SAINTE-MARIE-DU-MONT, France – With World War II-era military planes darting overhead andNormandy's Utah Beach visible in the distance, a bronze statueemerged from beneath a camouflage parachute, in tribute to a manwhose quiet leadership was chronicled in the book and televisionseries "Band of Brothers." The unveiling of the Colorado-made statue of Pennsylvania nativeMaj. Dick Winters was one of many events marking Wednesday's 68thanniversary of D-Day, the Allied operation that paved the way forthe end of the war. The 12-foot (3.6-meter) tall bronze statue in the Normandy villageof Sainte-Marie-du-Mont shows Winters with his weapon at the ready.But Winters — a native of Ephrata, Pennsylvania who died lastyear aged 92 — only accepted serving as the statue's likenessafter monument planners agreed to dedicate it to the memory of alljunior U.S. military officers who served that day. "There were many Dick Winters in this war, and all deserve thebronze and glory of a statue," said former Pennsylvania governorTom Ridge, present as the bronze statue, draped in a camouflageparachute, was unveiled. |
Also attending were four or five D-Day vets, including two whoserved in Winters' "Easy Company," Al Mampre and Herb Suerth Jr. Winters "was a humble, simple person thrust into a position ofleadership in which he excelled," said Suerth, who heads theassociation of former Easy Company vets, only 19 of whom survive. The statue was made near Boulder, Colorado and transported here, toa roadside between the village of Sainte-Marie-du-Mont and UtahBeach, distant but visible behind the statue. It was here that Winters and his small band of men dropped out ofthe sky soon after midnight on June 6, 1944, on a death-defyingmission to destroy four German 105mm artillery guns that threatenedthe Allied invasion force.
Winters "was a humble, simple person thrust into a position ofleadership in which he excelled," said Herb Suerth Jr., a D-Dayveteran who heads the association of former Easy Company vets, only19 of whom survive. During the ceremony various WWII-era military aircraft flewoverhead, including a U.S. artillery spotting plane just like thosethat would have darted through the skies on D-Day. Master Sergeant Frank Barnett, 37, a paratrooper from Anniston,Alabama serving at the US Air Force base in Ramstein, Germany,attended the ceremony with other members of the 435th Air GroundOperations Wing. Barnett and 18 colleagues had made the trip toUtah Beach to participate in a parachute jump over the sameNormandy fields where Winters and his "Easy Company" landed soonafter midnight on June 6, 1944.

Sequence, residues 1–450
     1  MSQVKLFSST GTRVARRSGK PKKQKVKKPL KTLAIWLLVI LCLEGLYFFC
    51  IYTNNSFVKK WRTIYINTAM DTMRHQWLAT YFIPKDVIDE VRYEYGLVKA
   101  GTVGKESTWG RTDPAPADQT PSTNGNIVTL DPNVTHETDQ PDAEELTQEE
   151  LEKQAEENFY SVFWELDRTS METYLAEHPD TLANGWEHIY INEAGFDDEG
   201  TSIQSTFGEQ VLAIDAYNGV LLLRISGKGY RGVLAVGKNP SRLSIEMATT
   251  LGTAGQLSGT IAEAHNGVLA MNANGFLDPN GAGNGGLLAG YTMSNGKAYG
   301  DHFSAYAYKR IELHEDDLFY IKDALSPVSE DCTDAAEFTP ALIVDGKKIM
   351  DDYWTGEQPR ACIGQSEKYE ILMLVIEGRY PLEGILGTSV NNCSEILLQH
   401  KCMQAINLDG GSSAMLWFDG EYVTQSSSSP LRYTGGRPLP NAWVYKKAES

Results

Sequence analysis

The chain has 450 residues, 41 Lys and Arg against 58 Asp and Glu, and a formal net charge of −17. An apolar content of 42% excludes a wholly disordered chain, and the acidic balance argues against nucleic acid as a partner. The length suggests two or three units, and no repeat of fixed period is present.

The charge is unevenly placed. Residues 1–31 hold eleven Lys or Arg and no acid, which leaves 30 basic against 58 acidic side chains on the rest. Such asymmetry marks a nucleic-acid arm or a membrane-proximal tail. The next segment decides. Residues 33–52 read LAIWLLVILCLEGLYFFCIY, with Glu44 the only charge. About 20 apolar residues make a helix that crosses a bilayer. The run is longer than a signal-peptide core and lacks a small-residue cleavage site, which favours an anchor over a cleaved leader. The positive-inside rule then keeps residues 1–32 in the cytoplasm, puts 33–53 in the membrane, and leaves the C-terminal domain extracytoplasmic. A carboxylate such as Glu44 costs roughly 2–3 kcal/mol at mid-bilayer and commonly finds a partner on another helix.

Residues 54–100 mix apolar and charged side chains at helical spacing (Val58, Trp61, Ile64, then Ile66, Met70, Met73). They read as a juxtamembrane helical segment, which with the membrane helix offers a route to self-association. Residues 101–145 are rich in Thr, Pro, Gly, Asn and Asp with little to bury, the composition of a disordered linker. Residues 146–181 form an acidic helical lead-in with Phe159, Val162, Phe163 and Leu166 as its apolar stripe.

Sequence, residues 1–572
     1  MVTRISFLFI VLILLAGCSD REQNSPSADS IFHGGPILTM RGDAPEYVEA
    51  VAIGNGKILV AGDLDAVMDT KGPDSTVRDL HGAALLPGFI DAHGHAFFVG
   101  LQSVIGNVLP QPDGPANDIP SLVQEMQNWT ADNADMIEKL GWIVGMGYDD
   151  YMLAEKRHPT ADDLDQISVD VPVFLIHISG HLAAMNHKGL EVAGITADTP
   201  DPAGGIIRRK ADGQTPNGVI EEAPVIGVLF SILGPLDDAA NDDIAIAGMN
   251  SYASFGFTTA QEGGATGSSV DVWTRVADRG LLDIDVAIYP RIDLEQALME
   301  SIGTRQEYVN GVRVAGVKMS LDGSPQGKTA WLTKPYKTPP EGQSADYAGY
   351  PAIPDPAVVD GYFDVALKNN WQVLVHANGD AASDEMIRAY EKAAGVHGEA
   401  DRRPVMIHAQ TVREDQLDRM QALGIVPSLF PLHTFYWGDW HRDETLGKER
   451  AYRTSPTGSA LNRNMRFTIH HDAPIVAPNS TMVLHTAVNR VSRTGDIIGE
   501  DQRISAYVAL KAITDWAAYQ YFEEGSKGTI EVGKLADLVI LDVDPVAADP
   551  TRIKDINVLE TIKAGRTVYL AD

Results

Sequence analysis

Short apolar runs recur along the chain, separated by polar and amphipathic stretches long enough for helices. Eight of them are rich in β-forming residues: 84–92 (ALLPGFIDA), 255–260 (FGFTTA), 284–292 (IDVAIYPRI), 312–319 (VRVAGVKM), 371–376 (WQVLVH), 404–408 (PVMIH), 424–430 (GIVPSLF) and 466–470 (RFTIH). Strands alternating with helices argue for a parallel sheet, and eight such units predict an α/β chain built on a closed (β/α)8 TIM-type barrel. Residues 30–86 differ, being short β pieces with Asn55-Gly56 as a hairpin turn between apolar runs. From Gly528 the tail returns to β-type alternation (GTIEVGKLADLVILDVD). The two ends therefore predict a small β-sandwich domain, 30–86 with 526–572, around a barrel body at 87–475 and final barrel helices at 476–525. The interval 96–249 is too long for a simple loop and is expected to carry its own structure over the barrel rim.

The paratoopers, dressed in military fatigues, said they've allwatched "Band of Brothers" 'four or five times." "It's important for us on the airborne side to remember everthingthey did," Barnett said. "They are the Greatest Generation." The plan to erect the statue began two-and-a-half years ago, saidTim Gray, Chairman of the Rhode Island-based World War IIFoundation, which initiated the project and helped the $100,000 itcost. The statue "is not a monument to one man, it's a monument to manymen and the leadership they showed on D-Day," Gray said —"all the divisions that fought on the beaches and hedgerows ofNormandy on June 6, 1944." Tens of thousands of Allied and German forces were killed in theD-Day invasion and ensuing Battle of Normandy. Frenchman Reny Rossey, 86, recalled accompanying a British unit inthe invasion as part of the effort to liberate his country from theNazi occupation. "Coming back home, for us, it was enormous.
We had to do this job,"he said at a ceremony Wednesday at a British cemetery in Ranville. "My youth saved me. I was 17-and-a-half. I had no fear," he said."You had to have audacity to join in something like that." French President Francois Hollande, paying tribute Wednesday to thesoldiers who took part in the D-Day invasion, spoke of the Europeanunity born from the horrors of World War II — and that isstrained today by financial crisis and tensions over Muslimimmigration.
"Normandy is covered with the tombs of children from all of Europe.All Europeans ... should be capable, 68 years later, of bringingEurope peace, solidarity and progress," he said. "Only theemergence of a common European conscience will protect us againstthe return of hate." ___ Sylvie Corbet in Ranville, France contributed to this report.
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